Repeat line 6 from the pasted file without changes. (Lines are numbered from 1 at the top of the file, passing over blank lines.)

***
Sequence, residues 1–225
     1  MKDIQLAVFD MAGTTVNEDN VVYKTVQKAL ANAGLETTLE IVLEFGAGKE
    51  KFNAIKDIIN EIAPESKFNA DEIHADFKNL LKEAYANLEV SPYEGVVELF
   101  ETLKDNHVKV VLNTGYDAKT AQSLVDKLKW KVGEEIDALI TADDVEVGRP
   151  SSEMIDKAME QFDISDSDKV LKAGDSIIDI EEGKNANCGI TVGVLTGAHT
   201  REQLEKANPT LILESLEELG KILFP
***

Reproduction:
   201  REQLEKANPT LILESLEELG KILFP